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The Secret Garden of Forest Hills How a wild and free garden won Marie Eason’s heart By Jamie Lynn Miller • Photographs by Mark Steelman


t’s a soggy summer afternoon and one of Wilmington’s torrential, short-lived rainstorms is beating down on Marie Eason’s Forest Hills garden. The deluge ricochets off umbrella bones while thunder crackles louder and closer. For the tallest fauna in the yard, the two-legged kind, it is almost time to seek shelter. As for the flora, today is just another glorious day of abundance. “I like that everything is green, and natural,” says Eason, scanning a verdant panorama of holly ferns, variegated pittosporum, cherry laurels and a tree canopy from her back porch. Somewhere among the layers of plant-life, a family of barred owls sleeps. Save for the fountains, planters and old-world garden art, there isn’t a man-made structure in sight. Of course, she never minded the forts and tree houses that used to punctuate the grounds. Her children basically grew up out here. She recalls the first day she saw the house and the wild, overgrown expanse that would become an adventure playground for the kids and, eventually, her own personal haven. It was 1990. Eason’s former husband had just landed a job with a local medical practice, and the children, ages 9 and 4, had mixed feelings about leaving their home in Wilson, North Carolina. “After a very long day of looking at houses, the agent had an appointment


Salt • September 2013

to show us one more,” says Eason, who visibly cringed when she saw the 1941 Georgian Revival on Forest Hills Drive. “I didn’t even want to get out of the car. “I was just tired of old houses,” explains Eason, who had already been through four separate renovation projects during her marriage. But good manners got the better of her, so she got out of the car to tour the property. And then she saw the backyard garden. “It was totally overgrown — some of it was actually impassable,” she recalls. “But I thought, I have found a great treasure.” Eason has spent the last 23 years creating this secret garden: a lush, meandering wonderland filled with ponds, critters and a steady stream of surprises. With no formal training in garden design, she’s relied on good gardening genes and a penchant for finding solutions to bring her visions to life. “If I had a question, or an idea, I’d just get a book and figure it out,” she says. “I know it looks like a tremendous amount of work, but I’ve gotten it to the point where I can do as little or as much as I want and it still looks good. But you gotta have the passion for it. You’ve got to have the fire in your belly. Otherwise, it’s just a lawn.” Eason’s passion and can-do attitude came from her father, an automechanic whose hands-on work ethic didn’t end with cars. “We grew up in an inner-city area of Birmingham, Alabama, but we had a small yard, and Daddy was always planting and trying to make it spectacular.” If a friend or visitor complimented The Art & Soul of Wilmington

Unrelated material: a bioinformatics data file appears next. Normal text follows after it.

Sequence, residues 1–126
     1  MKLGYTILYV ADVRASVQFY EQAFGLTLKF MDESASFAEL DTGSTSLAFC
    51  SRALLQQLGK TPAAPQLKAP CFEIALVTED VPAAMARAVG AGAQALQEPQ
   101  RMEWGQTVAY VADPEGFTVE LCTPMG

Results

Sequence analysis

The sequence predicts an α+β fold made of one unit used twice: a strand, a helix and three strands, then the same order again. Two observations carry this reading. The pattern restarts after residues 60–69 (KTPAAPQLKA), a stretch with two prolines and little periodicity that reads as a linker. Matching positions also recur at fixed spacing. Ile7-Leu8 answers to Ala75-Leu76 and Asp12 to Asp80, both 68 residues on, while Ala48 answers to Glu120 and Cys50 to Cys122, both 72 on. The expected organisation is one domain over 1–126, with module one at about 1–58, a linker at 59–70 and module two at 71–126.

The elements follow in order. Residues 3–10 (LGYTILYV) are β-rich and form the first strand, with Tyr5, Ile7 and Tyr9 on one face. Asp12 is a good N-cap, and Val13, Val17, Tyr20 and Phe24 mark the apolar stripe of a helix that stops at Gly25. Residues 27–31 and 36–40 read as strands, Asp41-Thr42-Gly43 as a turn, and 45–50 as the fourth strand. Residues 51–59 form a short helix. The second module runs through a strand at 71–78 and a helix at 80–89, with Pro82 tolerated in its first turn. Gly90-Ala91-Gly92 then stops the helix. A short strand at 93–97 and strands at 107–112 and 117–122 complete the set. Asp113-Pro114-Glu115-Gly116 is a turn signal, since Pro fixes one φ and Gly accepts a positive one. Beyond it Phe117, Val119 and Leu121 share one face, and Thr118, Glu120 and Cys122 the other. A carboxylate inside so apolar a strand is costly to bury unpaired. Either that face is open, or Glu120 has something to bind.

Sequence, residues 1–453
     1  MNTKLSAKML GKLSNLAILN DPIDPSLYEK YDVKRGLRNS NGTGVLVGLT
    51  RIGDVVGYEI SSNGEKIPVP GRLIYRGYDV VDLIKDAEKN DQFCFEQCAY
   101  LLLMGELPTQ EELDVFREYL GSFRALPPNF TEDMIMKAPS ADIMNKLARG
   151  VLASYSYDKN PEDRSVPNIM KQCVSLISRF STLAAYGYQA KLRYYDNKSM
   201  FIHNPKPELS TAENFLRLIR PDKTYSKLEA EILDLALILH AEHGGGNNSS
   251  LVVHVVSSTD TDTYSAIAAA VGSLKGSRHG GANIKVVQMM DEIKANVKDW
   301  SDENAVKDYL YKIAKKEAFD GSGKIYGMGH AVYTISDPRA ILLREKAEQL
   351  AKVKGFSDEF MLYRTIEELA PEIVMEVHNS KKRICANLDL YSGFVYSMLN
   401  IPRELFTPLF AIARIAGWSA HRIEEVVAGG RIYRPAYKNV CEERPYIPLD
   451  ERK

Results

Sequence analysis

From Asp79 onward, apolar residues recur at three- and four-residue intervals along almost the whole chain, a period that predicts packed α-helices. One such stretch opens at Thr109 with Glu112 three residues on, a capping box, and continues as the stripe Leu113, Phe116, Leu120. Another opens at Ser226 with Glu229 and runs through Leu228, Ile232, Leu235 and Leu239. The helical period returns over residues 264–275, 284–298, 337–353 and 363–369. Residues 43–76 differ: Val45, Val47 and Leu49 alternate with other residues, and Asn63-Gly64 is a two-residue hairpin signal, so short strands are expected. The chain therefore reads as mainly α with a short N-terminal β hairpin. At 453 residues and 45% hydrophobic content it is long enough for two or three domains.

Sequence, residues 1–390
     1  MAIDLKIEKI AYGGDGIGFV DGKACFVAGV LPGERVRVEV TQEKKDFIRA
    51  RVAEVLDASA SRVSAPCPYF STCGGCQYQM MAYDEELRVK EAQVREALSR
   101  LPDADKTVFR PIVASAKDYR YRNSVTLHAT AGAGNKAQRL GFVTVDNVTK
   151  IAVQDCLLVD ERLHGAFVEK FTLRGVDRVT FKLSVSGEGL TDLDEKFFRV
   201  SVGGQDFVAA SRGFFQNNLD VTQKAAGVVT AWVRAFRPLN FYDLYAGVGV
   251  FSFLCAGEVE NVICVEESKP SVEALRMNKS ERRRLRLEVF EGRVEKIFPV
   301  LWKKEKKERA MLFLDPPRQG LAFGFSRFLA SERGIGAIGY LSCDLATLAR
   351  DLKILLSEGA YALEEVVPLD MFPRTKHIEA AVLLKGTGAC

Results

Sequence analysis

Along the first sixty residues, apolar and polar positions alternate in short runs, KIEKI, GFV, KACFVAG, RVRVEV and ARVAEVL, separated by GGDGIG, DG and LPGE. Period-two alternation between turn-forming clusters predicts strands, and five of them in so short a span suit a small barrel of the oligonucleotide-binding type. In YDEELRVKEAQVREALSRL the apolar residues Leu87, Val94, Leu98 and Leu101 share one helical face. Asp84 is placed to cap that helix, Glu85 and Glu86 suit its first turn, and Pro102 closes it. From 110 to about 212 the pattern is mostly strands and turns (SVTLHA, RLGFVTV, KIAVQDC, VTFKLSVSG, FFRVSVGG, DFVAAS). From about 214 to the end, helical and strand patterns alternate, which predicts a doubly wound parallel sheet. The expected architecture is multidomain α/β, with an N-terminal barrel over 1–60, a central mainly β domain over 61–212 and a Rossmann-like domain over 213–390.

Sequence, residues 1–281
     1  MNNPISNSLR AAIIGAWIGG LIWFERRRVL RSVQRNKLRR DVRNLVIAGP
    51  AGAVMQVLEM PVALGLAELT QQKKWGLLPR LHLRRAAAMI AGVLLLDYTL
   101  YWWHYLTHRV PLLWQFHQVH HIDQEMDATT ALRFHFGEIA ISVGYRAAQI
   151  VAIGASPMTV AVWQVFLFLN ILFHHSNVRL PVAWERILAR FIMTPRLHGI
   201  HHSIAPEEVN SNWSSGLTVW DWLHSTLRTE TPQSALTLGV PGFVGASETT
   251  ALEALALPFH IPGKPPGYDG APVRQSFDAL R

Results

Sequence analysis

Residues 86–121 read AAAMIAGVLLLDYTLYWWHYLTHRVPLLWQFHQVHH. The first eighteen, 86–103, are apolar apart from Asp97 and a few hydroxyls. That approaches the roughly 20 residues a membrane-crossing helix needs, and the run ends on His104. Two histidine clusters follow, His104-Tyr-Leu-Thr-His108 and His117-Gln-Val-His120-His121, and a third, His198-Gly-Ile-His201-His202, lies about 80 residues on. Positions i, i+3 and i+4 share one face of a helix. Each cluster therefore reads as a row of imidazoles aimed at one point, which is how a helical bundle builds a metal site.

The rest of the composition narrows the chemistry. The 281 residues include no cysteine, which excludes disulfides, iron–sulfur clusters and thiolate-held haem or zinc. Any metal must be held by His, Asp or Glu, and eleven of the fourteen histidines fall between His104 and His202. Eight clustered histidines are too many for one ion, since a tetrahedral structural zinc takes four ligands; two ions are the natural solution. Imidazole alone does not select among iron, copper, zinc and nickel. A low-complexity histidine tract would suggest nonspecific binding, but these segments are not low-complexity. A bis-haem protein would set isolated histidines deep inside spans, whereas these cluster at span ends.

September 2013 Salt  

The Art & Soul of Wilmington

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